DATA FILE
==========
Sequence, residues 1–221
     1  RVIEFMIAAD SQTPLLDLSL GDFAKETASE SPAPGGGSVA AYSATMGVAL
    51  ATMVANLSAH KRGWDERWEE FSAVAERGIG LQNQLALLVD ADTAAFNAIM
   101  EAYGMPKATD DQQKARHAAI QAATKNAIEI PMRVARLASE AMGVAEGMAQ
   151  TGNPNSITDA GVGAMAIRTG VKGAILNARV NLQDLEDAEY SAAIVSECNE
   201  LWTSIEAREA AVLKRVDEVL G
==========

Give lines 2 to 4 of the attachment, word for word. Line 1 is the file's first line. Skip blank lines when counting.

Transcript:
     1  RVIEFMIAAD SQTPLLDLSL GDFAKETASE SPAPGGGSVA AYSATMGVAL
    51  ATMVANLSAH KRGWDERWEE FSAVAERGIG LQNQLALLVD ADTAAFNAIM
   101  EAYGMPKATD DQQKARHAAI QAATKNAIEI PMRVARLASE AMGVAEGMAQ